Archive for October, 2011

Steve Jobs eulogy by his sister Mona Simpson

October 31, 2011

I’ve been quite taken by the life and death of Steve Jobs the last few years.

The phenomenal success of the iPod, iPhone, and iPad have been astonishing. You can’t help but pay attention.

But ever since I watched Steve Jobs’ 2005 Commencement Address at Stanford University, I’ve been fascinated and inspired by his viewpoints on life, and perhaps even more, death.

I don’t think most people talk about death. And I think that’s a shame. Because being more deliberately aware of death provides an opportunity to be more consciously aware of life, and hopefully, more appreciative of this time we have here together.

Now with the release of the only authorized biography of Steve Jobs, entitled Steve Jobs, by Walter Isaacson, we’ve been seeing excerpts and press from all angles. Walter Isaacson even appeared on Piers Morgan Tonight on CNN and talked about Steve.

Yesterday, the New York Times published Steve’s sister Mona Simpson’s October 16, 2011 eulogy of Steve delivered at the Memorial Church of Stanford University. I read it, cried throughout, and openly sobbed and wept upon completing it. Perhaps it’s not really that moving. Somehow for me though it is.

I am so inspired by the way this man approached death, eyes wide open, surrounded by the ones he loved, giving and receiving comfort, love, and support all the while.

Clearly, he was a remarkable man, with an extraordinary spirit. Despite whatever harsh manner he’s known for around the workplace, this man was clearly inspired and there was something special here. If nothing else, just the way he approached everything with such deliberate consciousness.

Why I never liked competitive sports, Dad

October 21, 2011

I’m writing this blog entry to let my father know a little bit more about me. He’s dead three years now, but I assume he’s listening somewhere. No one else probably is – no one reads this blog, from what I can tell.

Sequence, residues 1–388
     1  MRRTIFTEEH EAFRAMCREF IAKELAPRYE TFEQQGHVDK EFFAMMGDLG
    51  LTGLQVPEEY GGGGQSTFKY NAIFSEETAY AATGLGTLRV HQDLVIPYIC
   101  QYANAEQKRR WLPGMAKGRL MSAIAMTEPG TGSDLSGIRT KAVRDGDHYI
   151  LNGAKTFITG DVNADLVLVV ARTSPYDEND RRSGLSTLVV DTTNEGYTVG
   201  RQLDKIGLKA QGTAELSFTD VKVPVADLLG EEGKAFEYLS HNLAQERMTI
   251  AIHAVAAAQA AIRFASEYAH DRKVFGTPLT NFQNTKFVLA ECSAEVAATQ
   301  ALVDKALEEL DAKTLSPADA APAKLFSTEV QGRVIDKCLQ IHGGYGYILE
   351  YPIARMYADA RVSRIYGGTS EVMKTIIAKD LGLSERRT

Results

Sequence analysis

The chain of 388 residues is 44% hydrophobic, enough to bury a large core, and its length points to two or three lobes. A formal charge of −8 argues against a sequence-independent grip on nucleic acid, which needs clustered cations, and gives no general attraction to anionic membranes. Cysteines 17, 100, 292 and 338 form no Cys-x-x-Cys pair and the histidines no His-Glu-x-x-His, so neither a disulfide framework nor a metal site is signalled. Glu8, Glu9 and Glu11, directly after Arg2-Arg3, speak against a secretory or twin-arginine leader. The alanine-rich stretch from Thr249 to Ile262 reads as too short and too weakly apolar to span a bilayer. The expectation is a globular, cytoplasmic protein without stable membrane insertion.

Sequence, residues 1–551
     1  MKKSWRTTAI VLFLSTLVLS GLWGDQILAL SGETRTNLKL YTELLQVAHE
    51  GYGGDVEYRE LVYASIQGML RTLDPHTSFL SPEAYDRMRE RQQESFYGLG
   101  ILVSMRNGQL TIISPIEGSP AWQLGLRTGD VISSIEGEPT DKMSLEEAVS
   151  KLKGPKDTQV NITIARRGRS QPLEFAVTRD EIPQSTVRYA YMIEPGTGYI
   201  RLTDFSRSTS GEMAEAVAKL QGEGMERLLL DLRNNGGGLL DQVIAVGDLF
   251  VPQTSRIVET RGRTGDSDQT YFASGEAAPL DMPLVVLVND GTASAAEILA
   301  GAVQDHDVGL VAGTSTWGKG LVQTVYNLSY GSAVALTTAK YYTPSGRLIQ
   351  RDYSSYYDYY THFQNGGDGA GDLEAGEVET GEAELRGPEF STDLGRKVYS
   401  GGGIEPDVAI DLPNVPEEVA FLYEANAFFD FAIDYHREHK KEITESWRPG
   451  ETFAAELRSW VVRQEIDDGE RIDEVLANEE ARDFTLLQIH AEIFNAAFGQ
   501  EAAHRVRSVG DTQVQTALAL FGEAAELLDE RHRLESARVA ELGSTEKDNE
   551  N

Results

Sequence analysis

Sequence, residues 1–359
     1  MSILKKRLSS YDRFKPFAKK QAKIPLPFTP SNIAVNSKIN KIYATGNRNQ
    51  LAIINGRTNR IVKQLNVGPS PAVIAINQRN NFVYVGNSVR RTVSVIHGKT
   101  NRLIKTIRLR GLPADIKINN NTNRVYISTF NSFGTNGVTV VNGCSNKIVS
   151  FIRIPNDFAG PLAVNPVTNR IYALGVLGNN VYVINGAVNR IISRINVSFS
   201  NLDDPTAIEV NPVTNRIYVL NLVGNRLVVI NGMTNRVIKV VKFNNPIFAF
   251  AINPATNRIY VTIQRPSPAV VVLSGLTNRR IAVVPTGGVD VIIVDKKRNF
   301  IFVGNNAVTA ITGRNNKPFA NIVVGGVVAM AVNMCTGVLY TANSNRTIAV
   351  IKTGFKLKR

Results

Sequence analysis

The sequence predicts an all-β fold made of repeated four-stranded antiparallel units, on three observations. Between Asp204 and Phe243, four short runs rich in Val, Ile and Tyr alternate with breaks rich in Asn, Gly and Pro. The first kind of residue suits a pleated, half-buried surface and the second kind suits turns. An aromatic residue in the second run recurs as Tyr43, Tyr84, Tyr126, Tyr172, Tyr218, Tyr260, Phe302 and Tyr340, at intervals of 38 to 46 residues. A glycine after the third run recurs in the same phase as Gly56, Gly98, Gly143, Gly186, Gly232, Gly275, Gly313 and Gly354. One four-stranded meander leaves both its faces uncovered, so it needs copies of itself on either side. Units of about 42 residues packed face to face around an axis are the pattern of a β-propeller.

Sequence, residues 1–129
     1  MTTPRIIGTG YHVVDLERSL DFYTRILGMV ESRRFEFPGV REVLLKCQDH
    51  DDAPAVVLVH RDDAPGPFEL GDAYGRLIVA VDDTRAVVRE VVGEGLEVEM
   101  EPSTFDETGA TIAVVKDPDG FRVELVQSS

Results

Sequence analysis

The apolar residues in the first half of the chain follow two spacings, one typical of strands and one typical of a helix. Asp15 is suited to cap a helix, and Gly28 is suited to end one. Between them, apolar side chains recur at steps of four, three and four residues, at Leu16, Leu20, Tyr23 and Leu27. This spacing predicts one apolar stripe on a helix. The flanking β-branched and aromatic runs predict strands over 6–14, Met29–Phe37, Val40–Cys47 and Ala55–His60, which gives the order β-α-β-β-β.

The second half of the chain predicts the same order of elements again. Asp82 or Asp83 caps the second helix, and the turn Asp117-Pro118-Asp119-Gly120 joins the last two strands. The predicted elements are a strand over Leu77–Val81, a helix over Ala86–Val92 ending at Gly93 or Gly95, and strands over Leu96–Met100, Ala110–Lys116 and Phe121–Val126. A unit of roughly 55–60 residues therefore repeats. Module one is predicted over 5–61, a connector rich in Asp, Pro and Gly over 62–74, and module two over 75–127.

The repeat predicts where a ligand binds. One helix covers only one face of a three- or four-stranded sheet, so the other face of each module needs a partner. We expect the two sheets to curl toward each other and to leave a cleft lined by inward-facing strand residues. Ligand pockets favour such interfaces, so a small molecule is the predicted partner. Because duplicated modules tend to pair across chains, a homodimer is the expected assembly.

I never liked competitive sports. I only spent a few weeks on my Little League team when I was a kid. My mom says I had a great swing, that is, when I actually connected with the ball, which was about 1 out of 10 times at bat.

My fielding performance was even worse – I bet Mom would say that I was really good at catching the ball, when the ball ended up in my glove.

So I didn’t like Little League much. I remember telling my mom that I was thinking of dropping out, and I remember her saying to me that I could do whatever I wanted of course, but she was concerned that if I quit, I’d feel like a quitter. But of course I was free to make my own decision. She gave me enough rope to hang myself.

I did drop out. And ended up feeling like a quitter. Go figure. Thanks for putting the idea into my head Mom. She gave me free will to quit, but didn’t just say, “Sure honey, you can do whatever you want, either way, it’s fine.”

I’ll never know if I just sucked at baseball, or if my poor performance could have maybe, just maybe, been attributed to the genetic eye disease I inherited from my mother that gave me some visual difficulties even at a young age.

All this being said, I don’t think I like competitive sports in general. I didn’t seem to like games in which there’s a winner and a loser. It seemed too harsh an environment to me. And these days, we see games with winners and losers played out a lot. I can point to the rash of Survivor-style elimination TV shows, like Survivor, The Sing-Off, The Biggest Loser, The Apprentice, etc.  But you also see it with our fascination with celebrity – the celebrities are the winners, the rest of us are the losers.

Then there’s politics, in which people intensely campaign to be the winner and to vanquish their opponents.

And countries go against each other and try to be the winner, and the other will be the lower.

It’s winners and losers everywhere you turn.

Somehow I was a softer kind of character, and this seemed all too harsh an environment to me growing up. Of course, there was one area where I was the winner and others the losers – academics. I got great grades and graduated near the top of my high school class and went to an Ivy League school. But we’ll leave that on the table for now.

My dad was always debating something, usually sports, politics, or morality. And in his debates, there was always a winning opinion – that one was always his. And there was always a losing opinion – that was always the other guy’s, and it seemed to me the other guy was me, whenever I spoke with him about anything.

Somehow, I grew up, or got older at least. And I discovered eastern philosophies, in which they teach that when one takes up a banner to oppose something, they invariably give more energy to that thing they oppose.